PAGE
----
When was the last when you met a freedom fighter, a business tycoon, an innovator, a dashing pilot, a science aficionado, a true philanthropist, a visionary and a politician who was a romantic? Where on earth would you find a combination, so scarce? It is certainly hard to believe that it could be found in a place like Odisha, perennially suffering and poor. Odisha, a few decades ago, was a different story.
Even today, with all the development, affluence and progress, can you find a romantic in public life? Frankly, no. His life was straight out of a silver screen blockbuster. Action, glory, defeat, flight of a phoenix, humiliation, treachery but all in the common thread of die-hard romance. The power to smile at life, to be unaffected, to be eternally at ease.
He never lost romance in the humdrum of politics: We’re all different combinations of spirit and matter. In the pursuit of political gains, we have seen many leaders lose humour and grab dreariness in their lives. Biju Babu was always proud of the twinkle in his eyes. In a famous national TV interview, he had said, “My body might not permit, but my eyes still twinkle.” He never ever compromised his ready wit and undying jocularity. When asked what he would do if he retires from politics, his ready quip was, “I would be a taxi driver in NY.” Fantastic sense of humour, bereft of ego or guile, global man, nothing and nothing could cow him down. A true romantic. In the file of a dreaded but reformed criminal seeking pardon from life sentence, he had remarked, “There is nothing to fear but fear itself.” The criminal was granted pardon. The expanse of Biju Babu’s thoughts was intoxicating. It was beyond my normal sense.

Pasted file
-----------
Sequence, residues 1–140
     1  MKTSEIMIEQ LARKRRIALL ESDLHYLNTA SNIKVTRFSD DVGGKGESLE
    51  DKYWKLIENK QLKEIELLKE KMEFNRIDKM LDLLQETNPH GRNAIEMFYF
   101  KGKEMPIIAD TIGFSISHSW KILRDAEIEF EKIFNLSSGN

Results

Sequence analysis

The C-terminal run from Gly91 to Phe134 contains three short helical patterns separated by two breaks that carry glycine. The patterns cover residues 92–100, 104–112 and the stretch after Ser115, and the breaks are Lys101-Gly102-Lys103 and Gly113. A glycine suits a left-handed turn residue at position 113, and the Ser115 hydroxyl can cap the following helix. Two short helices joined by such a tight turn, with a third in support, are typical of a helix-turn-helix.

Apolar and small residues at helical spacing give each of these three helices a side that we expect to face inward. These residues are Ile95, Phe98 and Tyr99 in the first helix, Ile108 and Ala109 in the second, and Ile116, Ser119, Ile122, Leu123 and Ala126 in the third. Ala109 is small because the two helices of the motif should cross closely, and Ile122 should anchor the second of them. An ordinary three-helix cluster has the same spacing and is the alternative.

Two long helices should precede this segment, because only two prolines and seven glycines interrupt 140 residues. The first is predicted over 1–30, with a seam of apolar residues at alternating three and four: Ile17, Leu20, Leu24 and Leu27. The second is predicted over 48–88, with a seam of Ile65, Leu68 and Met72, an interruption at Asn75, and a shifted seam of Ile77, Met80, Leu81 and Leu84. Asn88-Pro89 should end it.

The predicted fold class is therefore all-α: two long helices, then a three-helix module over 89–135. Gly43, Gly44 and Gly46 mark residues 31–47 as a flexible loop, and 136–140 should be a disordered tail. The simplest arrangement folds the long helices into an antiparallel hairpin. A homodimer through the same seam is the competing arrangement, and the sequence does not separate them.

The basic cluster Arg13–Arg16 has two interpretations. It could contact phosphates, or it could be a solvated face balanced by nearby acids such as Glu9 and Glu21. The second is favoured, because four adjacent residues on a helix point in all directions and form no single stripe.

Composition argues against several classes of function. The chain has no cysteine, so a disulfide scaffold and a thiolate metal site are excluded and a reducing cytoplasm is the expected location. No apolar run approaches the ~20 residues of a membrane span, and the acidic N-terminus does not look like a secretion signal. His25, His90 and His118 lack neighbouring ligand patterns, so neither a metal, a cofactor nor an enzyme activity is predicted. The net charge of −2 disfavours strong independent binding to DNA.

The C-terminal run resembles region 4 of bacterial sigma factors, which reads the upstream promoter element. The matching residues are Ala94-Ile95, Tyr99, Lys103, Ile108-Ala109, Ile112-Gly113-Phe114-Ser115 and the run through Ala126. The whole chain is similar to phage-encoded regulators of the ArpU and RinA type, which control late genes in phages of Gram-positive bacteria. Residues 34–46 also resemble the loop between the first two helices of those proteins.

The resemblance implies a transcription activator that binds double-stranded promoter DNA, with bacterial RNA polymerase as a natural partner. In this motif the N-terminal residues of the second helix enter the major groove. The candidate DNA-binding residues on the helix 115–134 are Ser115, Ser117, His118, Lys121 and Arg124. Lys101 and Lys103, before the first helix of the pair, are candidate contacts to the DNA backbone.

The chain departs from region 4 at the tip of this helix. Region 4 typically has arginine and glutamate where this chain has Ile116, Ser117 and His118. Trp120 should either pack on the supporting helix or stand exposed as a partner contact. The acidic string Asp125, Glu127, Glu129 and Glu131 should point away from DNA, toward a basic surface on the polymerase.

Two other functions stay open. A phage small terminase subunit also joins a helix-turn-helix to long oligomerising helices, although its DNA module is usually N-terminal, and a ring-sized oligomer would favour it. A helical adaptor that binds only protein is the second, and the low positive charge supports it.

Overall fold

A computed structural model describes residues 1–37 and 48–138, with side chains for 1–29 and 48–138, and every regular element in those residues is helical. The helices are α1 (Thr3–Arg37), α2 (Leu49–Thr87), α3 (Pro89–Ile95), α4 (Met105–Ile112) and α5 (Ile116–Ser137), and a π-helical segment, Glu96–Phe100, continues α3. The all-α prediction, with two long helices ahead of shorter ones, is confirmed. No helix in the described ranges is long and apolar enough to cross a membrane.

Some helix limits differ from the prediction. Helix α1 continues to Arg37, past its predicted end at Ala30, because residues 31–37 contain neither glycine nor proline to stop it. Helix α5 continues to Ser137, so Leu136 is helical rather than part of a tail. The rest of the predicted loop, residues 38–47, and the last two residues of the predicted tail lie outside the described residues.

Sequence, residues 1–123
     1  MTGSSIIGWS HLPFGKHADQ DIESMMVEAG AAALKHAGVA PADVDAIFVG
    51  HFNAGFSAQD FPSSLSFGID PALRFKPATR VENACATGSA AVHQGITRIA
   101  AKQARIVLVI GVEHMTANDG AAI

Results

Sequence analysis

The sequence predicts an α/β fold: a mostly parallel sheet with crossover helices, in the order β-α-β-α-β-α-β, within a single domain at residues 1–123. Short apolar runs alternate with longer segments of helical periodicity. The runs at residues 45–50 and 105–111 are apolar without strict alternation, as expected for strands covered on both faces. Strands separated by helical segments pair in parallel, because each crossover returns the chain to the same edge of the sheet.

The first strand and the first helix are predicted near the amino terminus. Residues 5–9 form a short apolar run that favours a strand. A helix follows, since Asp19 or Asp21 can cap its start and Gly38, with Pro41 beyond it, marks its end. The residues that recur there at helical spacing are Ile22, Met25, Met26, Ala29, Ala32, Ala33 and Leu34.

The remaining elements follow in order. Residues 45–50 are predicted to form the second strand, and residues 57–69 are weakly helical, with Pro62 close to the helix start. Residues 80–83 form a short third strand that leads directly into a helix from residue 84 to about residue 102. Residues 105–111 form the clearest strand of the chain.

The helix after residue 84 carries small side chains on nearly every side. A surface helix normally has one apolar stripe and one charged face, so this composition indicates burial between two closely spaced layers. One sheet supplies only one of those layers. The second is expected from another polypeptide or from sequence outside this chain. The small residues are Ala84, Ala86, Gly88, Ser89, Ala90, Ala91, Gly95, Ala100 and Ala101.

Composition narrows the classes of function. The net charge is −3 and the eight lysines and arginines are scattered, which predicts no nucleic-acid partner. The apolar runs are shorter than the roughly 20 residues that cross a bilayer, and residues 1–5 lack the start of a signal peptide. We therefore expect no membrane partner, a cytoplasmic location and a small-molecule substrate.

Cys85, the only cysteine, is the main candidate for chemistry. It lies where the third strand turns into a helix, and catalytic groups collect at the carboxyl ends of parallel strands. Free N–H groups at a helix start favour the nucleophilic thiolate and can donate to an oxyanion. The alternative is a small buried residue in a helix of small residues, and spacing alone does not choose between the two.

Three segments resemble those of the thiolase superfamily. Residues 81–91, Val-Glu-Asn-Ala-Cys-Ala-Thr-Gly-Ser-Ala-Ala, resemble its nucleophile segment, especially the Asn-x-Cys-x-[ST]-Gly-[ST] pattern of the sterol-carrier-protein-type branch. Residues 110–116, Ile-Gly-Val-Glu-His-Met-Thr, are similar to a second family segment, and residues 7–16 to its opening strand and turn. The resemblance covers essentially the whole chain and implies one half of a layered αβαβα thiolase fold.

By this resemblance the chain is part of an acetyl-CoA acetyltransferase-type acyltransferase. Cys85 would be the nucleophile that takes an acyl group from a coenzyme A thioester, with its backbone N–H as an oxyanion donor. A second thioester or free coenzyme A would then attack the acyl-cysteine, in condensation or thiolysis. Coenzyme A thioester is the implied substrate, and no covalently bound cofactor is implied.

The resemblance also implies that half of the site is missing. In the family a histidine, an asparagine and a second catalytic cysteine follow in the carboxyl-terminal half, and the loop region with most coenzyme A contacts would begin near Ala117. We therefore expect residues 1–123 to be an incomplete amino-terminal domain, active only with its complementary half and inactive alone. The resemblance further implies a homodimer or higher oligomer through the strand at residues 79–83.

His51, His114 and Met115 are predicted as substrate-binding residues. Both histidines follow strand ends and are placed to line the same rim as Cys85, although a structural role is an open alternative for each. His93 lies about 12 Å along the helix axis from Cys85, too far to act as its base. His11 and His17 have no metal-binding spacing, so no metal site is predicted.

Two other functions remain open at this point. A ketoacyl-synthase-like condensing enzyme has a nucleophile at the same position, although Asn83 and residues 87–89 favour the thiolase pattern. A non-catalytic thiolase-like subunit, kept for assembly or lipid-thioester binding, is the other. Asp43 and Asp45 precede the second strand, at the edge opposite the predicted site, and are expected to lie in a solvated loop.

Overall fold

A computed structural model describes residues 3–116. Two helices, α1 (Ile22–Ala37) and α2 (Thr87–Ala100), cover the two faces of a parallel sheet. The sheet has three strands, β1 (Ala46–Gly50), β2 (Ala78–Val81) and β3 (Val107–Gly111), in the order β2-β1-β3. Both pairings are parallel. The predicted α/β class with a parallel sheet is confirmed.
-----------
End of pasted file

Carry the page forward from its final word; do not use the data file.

In 1995, he had lost the elections and was sitting in the assembly building gathering details of the election results, unfazed. I didn’t see a trace of self-pity, sadness or remorse on his face or in his tone. As “calm within” as always. He was rather discussing the weaknesses in the strategy, which led to the party’s defeat. He knew he was betrayed by his own acolytes but expressed no regret or the bitterness of having played into the hands of treacherous intrigue. He never had any enemies. He had his detractors but never spent time hunting them down or planning their downfall. He was much above vindictiveness.
Once a dreamer always a dreamer: He drew undying strength from his dreams. His dreams were lofty, audacious and immune to the vagaries of “win-loss” political one-upmanship. He had suffered major setbacks in his life, but nothing could stop him look high with chin up. The irrepressible spirit, the high self-esteem, the “saintly” forgiveness, perched him at a level where he worked with almost three generations of national polity. Dreams know no border. He knew no limitations. In the last seven decades in India, I would not know of many who demonstrated the power of dreams in realpolitik with such impunity. He knew no left or right. His dreams were central for his people. An electoral loss couldn’t erode his dreams. It was too small for his dreams, for he was always soaring high much above pettiness. Once on a flight he asked, “Do you know why the shape of India is what it is? I said to myself, Sir, you are the epitome of “big thoughts” and only you can mull over geographies, continents, populations from a height, I can’t even imagine. Imagination is an asset not many are blessed with and not many can preserve even if they possess.